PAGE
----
Should The Hiv / Aids Epidemic?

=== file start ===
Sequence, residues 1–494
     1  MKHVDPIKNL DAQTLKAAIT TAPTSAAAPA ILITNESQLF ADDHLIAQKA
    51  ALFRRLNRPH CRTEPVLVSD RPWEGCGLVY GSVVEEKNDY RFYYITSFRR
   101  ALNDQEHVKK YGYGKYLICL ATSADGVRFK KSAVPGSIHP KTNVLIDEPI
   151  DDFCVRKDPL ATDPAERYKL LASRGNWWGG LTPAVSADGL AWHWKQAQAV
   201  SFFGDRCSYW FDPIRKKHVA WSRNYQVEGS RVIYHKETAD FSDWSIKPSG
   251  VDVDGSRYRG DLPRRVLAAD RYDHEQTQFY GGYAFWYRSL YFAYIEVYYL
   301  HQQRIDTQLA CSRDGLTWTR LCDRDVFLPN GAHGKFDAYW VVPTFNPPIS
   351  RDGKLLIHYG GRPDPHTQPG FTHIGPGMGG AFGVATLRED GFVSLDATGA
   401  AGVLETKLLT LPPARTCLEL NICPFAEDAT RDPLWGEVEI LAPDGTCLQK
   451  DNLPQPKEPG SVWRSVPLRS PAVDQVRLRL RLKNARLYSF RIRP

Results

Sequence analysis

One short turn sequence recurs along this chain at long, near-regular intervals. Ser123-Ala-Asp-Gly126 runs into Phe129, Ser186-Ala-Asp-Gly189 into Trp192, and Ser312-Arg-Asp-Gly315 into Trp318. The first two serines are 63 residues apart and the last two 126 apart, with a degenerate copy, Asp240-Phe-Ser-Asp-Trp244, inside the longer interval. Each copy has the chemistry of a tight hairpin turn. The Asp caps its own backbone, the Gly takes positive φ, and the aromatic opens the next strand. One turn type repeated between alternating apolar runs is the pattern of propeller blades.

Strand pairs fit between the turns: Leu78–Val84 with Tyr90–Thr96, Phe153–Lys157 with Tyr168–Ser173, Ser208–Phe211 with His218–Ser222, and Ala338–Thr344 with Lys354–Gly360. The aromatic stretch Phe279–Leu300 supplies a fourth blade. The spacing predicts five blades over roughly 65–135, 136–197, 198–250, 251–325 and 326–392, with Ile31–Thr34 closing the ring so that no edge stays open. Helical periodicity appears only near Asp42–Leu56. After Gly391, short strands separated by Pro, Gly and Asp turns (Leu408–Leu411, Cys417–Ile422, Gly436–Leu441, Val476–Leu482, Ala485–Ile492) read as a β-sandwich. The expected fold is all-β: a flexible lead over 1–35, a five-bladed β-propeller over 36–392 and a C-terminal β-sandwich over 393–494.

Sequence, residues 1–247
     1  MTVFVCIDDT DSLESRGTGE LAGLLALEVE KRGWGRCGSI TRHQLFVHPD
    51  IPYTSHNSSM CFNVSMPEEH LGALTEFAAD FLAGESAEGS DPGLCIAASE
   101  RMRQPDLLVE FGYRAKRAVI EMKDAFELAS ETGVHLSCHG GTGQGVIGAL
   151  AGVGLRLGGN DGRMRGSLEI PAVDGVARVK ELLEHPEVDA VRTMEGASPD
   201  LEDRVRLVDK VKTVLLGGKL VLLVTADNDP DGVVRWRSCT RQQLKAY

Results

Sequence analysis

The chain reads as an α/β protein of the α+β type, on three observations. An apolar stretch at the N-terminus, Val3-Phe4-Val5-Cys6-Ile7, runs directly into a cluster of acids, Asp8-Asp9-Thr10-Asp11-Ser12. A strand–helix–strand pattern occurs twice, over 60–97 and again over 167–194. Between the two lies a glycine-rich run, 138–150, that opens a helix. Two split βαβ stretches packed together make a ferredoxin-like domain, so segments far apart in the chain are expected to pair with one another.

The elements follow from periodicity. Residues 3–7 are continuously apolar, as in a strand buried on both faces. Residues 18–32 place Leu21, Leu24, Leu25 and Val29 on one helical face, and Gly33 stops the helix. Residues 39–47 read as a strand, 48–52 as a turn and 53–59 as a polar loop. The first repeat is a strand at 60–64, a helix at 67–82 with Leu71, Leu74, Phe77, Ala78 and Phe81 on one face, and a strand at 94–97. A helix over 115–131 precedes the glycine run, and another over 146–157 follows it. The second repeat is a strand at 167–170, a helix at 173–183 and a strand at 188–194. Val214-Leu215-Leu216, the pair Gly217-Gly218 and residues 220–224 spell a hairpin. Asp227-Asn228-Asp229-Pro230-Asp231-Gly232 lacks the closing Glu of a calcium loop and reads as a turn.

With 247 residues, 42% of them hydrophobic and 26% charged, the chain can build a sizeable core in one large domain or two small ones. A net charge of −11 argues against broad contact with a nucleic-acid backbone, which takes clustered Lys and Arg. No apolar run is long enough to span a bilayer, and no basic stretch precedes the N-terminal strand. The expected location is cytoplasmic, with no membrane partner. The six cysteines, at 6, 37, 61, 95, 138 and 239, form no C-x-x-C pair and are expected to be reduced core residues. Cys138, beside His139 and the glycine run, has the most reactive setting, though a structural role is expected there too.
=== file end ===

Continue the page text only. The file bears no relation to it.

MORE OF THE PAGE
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Should the HIV/AIDs epidemic in Africa be described as a feminist issue? With higher transmission rates concentrated among African women, and the vast majority of new mother-child transmissions occurring within African countries, HIV seemingly fits into the scope of feminist concerns. As described in Oppong and Kalipeni’s contribution to Kalipeni,’s HIV & AIDS in African: Beyond Epidemiology, the consistent classifying of the HIV/AIDS epidemic as being the direct result of distinct African sexuality by prominent media outlets has led to detrimental and widespread ignorance on the effects that colonialism has had on accelerating the rates of transmission. The historiography of HIV and AIDS as the result of ‘native’ sexual consequences has not only perpetuated the stereotype of the overly sexual African. It seems that the latent implication within the past general consensus that the HIV and AIDS epidemic in Africa is distinct because of African sexuality is that its distinctiveness derives from the distinctiveness of African women’s sexuality. Thus, it again seems fair to associate the HIV/AIDS epidemic with feminism. However, the sexual transmission of HIV and the later development of AIDS cannot be analysed solely through the lenses of reproductive organs. African women do not contract HIV at high rates due to their sexual organs, and penises do not better protect males from transmission. In addition, the transmission of HIV by sexual intercourse has often been

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